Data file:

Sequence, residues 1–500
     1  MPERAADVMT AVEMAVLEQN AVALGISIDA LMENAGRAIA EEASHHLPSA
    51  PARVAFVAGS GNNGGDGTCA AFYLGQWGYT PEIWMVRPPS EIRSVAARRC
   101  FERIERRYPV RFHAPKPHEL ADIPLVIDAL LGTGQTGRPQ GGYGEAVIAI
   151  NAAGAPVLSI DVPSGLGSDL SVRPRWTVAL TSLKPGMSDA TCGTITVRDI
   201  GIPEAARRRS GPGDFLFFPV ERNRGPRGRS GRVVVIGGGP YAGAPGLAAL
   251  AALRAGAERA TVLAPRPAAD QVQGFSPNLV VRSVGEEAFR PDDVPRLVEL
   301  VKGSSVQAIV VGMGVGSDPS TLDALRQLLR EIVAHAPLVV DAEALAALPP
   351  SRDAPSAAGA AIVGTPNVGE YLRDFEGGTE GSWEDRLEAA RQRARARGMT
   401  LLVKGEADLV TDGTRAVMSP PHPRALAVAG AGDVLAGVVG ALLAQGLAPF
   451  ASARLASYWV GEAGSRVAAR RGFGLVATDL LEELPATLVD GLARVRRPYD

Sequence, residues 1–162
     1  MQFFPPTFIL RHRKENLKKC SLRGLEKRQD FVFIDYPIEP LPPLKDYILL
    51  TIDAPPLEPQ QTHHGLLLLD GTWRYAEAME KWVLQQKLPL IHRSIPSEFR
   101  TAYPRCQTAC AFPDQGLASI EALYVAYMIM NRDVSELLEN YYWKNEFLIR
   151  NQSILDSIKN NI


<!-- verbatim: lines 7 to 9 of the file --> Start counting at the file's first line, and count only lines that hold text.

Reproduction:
   251  AALRAGAERA TVLAPRPAAD QVQGFSPNLV VRSVGEEAFR PDDVPRLVEL
   301  VKGSSVQAIV VGMGVGSDPS TLDALRQLLR EIVAHAPLVV DAEALAALPP
   351  SRDAPSAAGA AIVGTPNVGE YLRDFEGGTE GSWEDRLEAA RQRARARGMT